Despite recycling its name from a 1999 Cadillac concept and borrowing a trim designation from the Smart car folks, the 2013 Land Rover Range Rover Evoque is a unique player in the premium SUV/crossover segments. It provides both Jeep-esque levels of capability and sophisticated luxury cues, and it does so in a nimble package that’s half a foot shorter than the Ford Escape. The Evoque also happens to be the reigning North American Truck of the Year, as well as Autobytel’s own 2012 luxury suv of the Year, and that’s just the tip of a very large trophy iceberg. (Which also now includes the top prize as the Women’s World Car of the Year, as detailed below.)
Yet even backed by all this buzz, the Evoque hasn’t been much of a sales success. It’s now been at dealerships for a full year—from October 2011 through September 2012—and its high-water mark for sales, 821 units, came in its very first month on the market. Its lowest volume total? Last month, when Land Rover delivered 559 units in the U.S.
So it comes as not much of a surprise that Land Rover is taking a tried and true approach to boosting sales of the 2013 Range Rover Evoque, by lowering its price with a new base model that will come in at $41,995—$2,000 less than its 2012 starting point.
2013 Land Rover Range Rover Evoque: The Pure Approach
To help make the Land Rover lineup more accessible to more customers, the brand has adjusted its roster so that last year’s entry-level Evoque gets renamed the “Pure Plus” model, with the less-expensive variant taking its place as the new “Pure” choice. The difference between the two: The new 2013 Land Rover Range Rover Evoque “Pure” will forgo the panoramic glass roof that was standard on all models for the 2012 model year, and replace it with a top made from aluminum alloy. In addition, the cabin in the more affordable Evoque will be trimmed out in leather and a synthetic suede material called “Dinamica” instead of all leather.
As a result, the price of admission falls $2,000, to $41,995, while the “Pure Plus” version retains its 2012 MSRP of $43,995. That’s about a 4.5 percent reduction, but it does leave the Evoque on the pricey side of the street. There’s really no directly comparable vehicle on sale in the U.S., but the new BMW X1—about five inches shorter than the Evoque—starts at $30,650, albeit without things like the Range Rover’s intelligent all-wheel-drive system or its ability to tow up to 3,500 lbs.
2013 Land Rover Range Rover Evoque: More Model-year Changes
There also is a handful of other changes to the Land Rover Range Rover Evoque for the 2013 model year, including the addition of park-assist technology. The Evoque’s system greatly simplifies parallel parking by automatically handling all steering functionality and providing the driver with easy-to-follow, on-screen instructions for using the gas, brake and transmission.
In addition, to complement the vehicle’s impressive trail-running capabilities, Land Rover is adding off-road navigation to the Evoque’s available nav system. This feature provides real-time info that helps both leave the beaten track and get back on it, thanks to maps that show topographic contour lines, latitude, longitude, altitude, and way points, while also providing trail-tracing and compass functions.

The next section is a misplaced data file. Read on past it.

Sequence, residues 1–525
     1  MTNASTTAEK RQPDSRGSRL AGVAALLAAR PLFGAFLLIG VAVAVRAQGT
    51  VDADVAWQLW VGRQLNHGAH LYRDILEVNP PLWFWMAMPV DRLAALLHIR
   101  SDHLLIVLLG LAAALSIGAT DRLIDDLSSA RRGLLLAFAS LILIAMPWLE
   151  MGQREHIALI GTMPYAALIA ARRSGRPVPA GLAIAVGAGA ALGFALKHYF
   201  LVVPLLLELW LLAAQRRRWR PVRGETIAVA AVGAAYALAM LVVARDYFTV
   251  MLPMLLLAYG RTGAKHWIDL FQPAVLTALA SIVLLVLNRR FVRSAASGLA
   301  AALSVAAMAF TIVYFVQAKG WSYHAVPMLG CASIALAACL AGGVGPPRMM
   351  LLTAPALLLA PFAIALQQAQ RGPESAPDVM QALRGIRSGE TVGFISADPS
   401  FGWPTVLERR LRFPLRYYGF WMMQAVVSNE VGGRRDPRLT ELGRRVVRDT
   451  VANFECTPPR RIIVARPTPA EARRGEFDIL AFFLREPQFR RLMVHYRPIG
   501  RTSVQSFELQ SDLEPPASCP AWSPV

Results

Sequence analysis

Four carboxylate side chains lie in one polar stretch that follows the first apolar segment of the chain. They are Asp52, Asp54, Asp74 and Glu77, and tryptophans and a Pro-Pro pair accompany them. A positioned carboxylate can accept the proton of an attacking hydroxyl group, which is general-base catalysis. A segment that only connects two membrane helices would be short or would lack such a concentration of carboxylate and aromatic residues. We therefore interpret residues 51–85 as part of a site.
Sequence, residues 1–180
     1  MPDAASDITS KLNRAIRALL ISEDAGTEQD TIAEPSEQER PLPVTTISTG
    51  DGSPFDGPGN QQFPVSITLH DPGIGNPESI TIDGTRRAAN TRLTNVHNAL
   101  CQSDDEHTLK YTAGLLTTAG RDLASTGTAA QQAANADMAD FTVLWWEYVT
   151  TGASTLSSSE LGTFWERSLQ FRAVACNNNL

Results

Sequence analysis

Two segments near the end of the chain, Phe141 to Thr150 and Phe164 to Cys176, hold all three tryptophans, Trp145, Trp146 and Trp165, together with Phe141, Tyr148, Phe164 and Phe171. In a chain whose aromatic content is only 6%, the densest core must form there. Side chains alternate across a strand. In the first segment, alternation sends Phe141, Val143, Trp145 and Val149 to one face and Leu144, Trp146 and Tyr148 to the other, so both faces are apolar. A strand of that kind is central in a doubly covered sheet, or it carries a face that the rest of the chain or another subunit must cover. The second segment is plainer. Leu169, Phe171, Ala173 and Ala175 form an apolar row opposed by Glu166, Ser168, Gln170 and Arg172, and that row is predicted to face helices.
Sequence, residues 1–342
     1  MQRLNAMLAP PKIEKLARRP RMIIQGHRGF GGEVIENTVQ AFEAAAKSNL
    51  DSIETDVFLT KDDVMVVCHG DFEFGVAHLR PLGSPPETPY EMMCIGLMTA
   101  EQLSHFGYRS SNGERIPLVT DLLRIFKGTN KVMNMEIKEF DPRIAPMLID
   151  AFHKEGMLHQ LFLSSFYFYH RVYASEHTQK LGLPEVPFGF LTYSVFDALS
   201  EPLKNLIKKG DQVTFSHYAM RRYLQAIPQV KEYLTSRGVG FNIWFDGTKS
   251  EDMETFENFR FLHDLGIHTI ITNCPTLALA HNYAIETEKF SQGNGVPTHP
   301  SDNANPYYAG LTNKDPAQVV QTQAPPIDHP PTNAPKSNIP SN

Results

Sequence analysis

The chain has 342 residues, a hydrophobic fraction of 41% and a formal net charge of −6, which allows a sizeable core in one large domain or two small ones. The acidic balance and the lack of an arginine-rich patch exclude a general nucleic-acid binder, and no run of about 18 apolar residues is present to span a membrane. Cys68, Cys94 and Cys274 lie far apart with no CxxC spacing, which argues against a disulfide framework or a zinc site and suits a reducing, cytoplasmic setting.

Designers did some fine-tuning of the vehicle’s exterior, too, which now shows off a front grille that’s been freshened up by a black Land Rover logo, and the brand also allows customers to choose a contrasting roof color for all Evoque models.
Finally, the range-topping Range Rover Evoque—the Prestige edition—gets a new finish for its exclusive 19-inch wheels.
Unchanged for 2013 will be a powertrain that combines a potent 2.0-liter direct-injection I4 and an advanced six-speed automatic transmission to deliver 240 hp, 251 lb.-ft. of torque, a 0-60 time of 7.1 seconds and an EPA line of 18 mpg city/28 mpg highway/22 mpg combined.
2013 Land Rover Range Rover Evoque: Women’s World Car of the Year
As mentioned at the top of this story, the Land Rover Range Rover Evoque recently added to its long list of international honors by winning the Women’s World Car of the Year Award. Founded in 2009 to recognize the fact that women have veto power over vehicle-buying decisions in the vast, vast majority of cases, the award program bills itself as the first “car of the year” recognition chosen solely by women—in this case, a panel of female auto journalists drawn from 12 different countries, including the United States.
According to the published guideline for the award: “Judges are asked to vote according to the criteria women utilize when buying a car. Thus, safety, value-for-money, aesthetic appearance, storage space, child–friendliness, ease-of-driving, colour, sex appeal and environmental footprint are all categories the judges will be analysing.”
The winning car may not reach 0–100 km/h in less than so many seconds or have eye–popping Newton-meters of torque. But it will be a car that appeals very strongly to women and that, in essence, is what this award is all about.”
And this year, the Evoque actually won two prizes from the organization, earning both the top overall award and winning in the “luxury car” segment.
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